Graduation speech on failure

Here goes:

To our graduates: I bet that many of you expect this to be a long and drawn out address, as a lot of them tend to be. Let me reassure you that this won’t be one of them.

Many of you may expect me to focus on your futures and the success that you will have, what it means and how to achieve it, like so many commencements understandably do. This won’t be one of those speeches.

I want to talk about failure and I want to wish you a lot of it in your futures. Even in the midst of our current circumstances, you heard correctly: I wish each of you many failures.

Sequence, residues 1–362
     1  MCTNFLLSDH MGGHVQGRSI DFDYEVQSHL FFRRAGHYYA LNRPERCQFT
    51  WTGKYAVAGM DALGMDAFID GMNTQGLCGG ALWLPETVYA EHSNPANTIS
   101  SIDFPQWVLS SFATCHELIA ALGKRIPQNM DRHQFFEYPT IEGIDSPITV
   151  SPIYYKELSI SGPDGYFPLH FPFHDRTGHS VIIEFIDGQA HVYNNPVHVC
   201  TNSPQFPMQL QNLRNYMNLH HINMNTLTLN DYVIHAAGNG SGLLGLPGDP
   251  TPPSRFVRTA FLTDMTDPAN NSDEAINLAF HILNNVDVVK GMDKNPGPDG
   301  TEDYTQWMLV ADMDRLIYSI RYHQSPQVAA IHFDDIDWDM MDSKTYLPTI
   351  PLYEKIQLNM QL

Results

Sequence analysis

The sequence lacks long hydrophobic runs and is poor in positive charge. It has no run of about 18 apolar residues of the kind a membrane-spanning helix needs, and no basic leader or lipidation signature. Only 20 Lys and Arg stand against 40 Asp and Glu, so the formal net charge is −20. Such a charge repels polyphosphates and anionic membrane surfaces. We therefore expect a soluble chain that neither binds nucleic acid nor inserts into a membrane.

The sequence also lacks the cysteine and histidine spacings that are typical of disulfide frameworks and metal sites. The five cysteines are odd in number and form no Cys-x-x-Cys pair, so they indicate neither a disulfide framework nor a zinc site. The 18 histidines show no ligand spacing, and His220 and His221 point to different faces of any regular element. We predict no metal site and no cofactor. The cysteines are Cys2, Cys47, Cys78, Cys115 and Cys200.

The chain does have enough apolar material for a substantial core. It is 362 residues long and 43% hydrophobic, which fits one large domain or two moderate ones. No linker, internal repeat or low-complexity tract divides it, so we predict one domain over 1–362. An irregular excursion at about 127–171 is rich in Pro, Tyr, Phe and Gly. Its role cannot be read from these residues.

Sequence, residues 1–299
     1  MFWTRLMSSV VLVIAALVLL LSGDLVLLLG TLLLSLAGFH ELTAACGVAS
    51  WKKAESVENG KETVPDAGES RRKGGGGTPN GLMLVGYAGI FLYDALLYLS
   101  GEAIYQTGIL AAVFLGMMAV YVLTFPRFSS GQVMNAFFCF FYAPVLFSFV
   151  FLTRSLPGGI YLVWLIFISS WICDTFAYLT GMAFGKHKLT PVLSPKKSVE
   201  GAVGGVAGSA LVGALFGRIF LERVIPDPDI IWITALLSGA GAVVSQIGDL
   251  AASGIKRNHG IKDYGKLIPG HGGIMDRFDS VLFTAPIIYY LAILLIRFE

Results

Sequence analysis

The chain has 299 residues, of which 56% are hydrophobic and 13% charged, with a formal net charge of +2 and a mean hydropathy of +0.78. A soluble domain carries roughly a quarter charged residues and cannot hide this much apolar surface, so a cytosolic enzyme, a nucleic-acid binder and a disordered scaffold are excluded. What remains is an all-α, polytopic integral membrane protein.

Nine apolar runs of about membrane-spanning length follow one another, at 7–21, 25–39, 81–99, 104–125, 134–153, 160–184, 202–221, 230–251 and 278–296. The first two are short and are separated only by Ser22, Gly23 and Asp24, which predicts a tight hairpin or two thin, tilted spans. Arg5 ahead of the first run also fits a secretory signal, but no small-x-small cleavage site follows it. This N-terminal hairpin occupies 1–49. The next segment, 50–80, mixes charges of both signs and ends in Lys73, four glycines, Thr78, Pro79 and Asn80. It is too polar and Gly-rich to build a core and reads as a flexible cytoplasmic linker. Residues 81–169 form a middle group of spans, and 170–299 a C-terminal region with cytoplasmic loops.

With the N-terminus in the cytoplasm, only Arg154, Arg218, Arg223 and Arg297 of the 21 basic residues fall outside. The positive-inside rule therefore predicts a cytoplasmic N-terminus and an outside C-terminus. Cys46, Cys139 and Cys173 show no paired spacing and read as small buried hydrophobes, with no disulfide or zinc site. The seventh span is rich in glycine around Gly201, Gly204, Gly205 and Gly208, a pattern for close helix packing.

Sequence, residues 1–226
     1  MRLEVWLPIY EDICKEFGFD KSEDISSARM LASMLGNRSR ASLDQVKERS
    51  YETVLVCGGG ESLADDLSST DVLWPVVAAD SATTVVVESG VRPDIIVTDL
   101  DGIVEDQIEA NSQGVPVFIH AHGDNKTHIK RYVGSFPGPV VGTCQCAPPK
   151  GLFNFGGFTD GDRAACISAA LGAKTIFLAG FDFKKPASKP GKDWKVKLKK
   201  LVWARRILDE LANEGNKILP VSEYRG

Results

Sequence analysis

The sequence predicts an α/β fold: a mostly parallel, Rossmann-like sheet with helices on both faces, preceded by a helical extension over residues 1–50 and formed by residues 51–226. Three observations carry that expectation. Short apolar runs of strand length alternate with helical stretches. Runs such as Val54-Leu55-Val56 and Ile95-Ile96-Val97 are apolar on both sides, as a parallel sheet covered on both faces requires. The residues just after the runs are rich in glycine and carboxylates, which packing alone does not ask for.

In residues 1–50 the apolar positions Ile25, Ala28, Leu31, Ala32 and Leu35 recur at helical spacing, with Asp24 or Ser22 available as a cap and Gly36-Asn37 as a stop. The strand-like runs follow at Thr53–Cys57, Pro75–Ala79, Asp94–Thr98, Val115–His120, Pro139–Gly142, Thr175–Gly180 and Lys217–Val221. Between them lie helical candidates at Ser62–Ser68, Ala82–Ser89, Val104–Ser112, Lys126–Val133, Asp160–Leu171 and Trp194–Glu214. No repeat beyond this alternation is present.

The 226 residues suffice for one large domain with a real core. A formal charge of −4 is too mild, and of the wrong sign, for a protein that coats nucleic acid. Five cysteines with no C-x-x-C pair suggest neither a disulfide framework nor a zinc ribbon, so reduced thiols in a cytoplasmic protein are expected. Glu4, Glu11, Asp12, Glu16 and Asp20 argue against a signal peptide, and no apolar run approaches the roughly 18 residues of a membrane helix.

Because on your paths to success, and, let me reassure you that those paths are still out there, all of you will experience failure and disappointment just as I have in my eighty-plus years of living. And, failure is a necessary part of your journey. Everyone who has been successful has stumbled many times over.

Famous people who’ve failed

Babe Ruth. Ruth is well known because of his home run record in baseball. For decades, though, he also held the record for strikeouts. When asked about this he simply said, “Every strike brings me closer to my next home run.”

Dr. Seuss. Also known as Theodor Seuss Geisel before becoming known by tens of millions of children and their parents. His first book, To Think that I Saw It on Mulberry Street was rejected by 43 publishers. Forty-three. Rejections. I do not like them. Sam-I-am.